One of Portland's most loathsome interest groups, bike thieves had a field day after bloggers revealed that supposedly nuke-proof Kryptonite locks can be hacked with a Bic pen. Blame Al Gore--he invented the Internet!

Donning sporty eye-patches and brandishing cutlasses (figuratively), computer profs at Portland State University staged a raid on Oregon Graduate Institute. The downtown university snatched 10 tech professors from the Oregon Health & Science University subdivision, instantly upping its digital cred. OHSU did some raiding of its own, plucking Metropolitan Exposition-Recreation Commission chief Mark Williams to oversee its ambitious South Waterfront expansion.

In the tit-for-tat battle over Oregon's workers'-comp market, private-sector insurer Liberty Mutual won a PR victory. The state's ethics czar declined to consider a complaint that Liberty had underreported lobbying expenses. Liberty's win-or-die cage match with state-run SAIF is destined for November's ballot.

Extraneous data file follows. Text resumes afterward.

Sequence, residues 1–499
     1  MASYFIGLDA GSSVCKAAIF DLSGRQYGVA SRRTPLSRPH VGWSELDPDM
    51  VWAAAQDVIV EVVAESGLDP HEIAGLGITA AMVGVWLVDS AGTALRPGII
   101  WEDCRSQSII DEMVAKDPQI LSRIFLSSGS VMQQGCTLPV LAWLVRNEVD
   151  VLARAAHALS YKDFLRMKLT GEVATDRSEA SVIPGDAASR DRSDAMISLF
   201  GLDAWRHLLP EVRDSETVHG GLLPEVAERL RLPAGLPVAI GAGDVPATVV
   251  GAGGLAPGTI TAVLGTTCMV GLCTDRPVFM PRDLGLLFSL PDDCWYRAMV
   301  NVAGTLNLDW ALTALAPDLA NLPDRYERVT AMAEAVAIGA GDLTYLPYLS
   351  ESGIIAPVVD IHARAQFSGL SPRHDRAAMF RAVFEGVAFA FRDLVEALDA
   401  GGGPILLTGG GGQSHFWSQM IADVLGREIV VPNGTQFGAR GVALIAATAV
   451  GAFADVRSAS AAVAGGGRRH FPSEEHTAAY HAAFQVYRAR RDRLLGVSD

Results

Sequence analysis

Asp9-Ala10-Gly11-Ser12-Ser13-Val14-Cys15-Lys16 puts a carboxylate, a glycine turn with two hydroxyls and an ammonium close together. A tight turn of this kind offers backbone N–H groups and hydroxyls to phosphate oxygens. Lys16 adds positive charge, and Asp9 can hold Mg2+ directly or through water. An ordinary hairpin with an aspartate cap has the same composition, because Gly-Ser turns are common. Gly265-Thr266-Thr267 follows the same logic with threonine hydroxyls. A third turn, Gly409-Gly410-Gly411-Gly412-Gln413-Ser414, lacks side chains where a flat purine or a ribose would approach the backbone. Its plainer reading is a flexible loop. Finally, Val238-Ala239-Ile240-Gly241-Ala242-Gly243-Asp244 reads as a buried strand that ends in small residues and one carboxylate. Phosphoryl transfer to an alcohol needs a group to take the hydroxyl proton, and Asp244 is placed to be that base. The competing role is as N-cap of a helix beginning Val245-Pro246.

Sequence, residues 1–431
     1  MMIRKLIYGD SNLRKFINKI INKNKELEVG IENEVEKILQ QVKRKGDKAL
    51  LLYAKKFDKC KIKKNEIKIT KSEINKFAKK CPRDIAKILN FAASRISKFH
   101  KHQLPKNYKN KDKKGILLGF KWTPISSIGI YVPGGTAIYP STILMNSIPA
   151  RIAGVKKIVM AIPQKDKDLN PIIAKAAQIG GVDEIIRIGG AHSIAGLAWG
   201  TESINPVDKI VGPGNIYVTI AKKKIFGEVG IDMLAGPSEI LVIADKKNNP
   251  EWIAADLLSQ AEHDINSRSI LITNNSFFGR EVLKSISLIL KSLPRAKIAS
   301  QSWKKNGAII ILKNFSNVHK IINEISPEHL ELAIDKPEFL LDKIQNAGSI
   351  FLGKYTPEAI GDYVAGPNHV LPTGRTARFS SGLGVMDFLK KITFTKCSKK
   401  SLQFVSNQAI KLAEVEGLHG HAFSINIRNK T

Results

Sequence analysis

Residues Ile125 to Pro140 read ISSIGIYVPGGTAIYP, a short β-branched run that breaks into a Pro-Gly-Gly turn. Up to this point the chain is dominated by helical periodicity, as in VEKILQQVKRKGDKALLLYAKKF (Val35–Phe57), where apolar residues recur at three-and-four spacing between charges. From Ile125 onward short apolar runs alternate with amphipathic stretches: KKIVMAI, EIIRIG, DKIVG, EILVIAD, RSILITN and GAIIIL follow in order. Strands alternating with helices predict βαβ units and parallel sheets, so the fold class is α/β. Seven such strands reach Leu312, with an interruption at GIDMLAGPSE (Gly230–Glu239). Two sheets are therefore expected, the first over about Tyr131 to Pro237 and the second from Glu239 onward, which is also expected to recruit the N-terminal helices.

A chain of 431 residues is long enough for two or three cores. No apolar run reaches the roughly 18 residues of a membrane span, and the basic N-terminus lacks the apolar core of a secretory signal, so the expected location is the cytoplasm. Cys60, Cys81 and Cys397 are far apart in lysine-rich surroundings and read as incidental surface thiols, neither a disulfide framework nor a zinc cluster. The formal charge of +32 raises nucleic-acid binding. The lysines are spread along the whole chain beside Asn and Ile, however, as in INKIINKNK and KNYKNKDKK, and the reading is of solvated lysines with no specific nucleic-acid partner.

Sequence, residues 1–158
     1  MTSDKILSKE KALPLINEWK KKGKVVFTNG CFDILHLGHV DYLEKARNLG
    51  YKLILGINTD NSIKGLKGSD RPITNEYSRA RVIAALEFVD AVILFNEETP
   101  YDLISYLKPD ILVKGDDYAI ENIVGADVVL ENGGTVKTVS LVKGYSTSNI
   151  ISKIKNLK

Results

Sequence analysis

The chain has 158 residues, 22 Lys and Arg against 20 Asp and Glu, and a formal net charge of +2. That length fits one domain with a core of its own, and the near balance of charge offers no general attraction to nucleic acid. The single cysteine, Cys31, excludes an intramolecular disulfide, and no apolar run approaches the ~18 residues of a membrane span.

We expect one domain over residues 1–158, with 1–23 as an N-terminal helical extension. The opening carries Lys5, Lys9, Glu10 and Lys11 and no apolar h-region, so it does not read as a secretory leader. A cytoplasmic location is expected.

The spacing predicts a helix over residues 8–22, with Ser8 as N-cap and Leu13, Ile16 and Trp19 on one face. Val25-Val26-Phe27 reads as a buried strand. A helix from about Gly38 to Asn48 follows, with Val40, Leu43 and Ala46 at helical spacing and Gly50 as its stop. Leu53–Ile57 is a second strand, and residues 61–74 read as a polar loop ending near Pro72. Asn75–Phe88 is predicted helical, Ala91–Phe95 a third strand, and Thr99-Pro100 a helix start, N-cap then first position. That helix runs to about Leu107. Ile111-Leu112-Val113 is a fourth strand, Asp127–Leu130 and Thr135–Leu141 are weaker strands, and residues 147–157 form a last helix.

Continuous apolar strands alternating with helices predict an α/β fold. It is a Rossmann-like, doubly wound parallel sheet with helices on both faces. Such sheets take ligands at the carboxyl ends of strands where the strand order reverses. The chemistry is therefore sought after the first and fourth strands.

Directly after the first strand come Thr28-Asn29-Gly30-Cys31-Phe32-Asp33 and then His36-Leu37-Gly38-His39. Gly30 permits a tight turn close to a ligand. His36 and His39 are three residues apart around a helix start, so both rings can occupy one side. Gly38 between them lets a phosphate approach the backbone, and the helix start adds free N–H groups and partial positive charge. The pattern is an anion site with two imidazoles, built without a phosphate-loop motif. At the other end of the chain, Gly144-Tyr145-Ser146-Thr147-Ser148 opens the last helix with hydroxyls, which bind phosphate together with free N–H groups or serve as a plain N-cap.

The City of Portland's eBay reputation lies in steaming ruins after Water Bureau officials made a highly publicized hash of an auction. The city tried to unload two reservoir covers (don't get us started) worth $425,000 via the popular online market. It canceled the auction when the winning bids came in at a paltry total of $23,200. Unlike experienced eBay entrepreneurs, muni mandarins failed to mandate a minimum bid. The plot thickened Tuesday, when it turned out the lowball bidders were in fact...Water Bureau employees! Do not touch that dial.

Gov. Ted Kulongoski just learned that sometimes even $584,809 of hush money can't keep a skeleton in the closet. The Oregonian uncovered sealed records showing that when he was attorney general, Kulongoski negotiated a settlement with one of a dozen mentally ill children sexually abused at Oregon State Hospital. A gag clause was supposed to keep the case under wraps forever. Guv K says he can't recall details of the case. But hey--who can remember anything that happened way back in 1996?

WW's popular "Winners & Losers" column suffered a dent in its considerable prestige last week. An item regarding the cleanup of Portland Harbor erroneously implied that an impasse between business and environmentalists had derailed the Superfund project. In fact, the falling-out concerned a secondary aspect of the cleanup, which is going forward.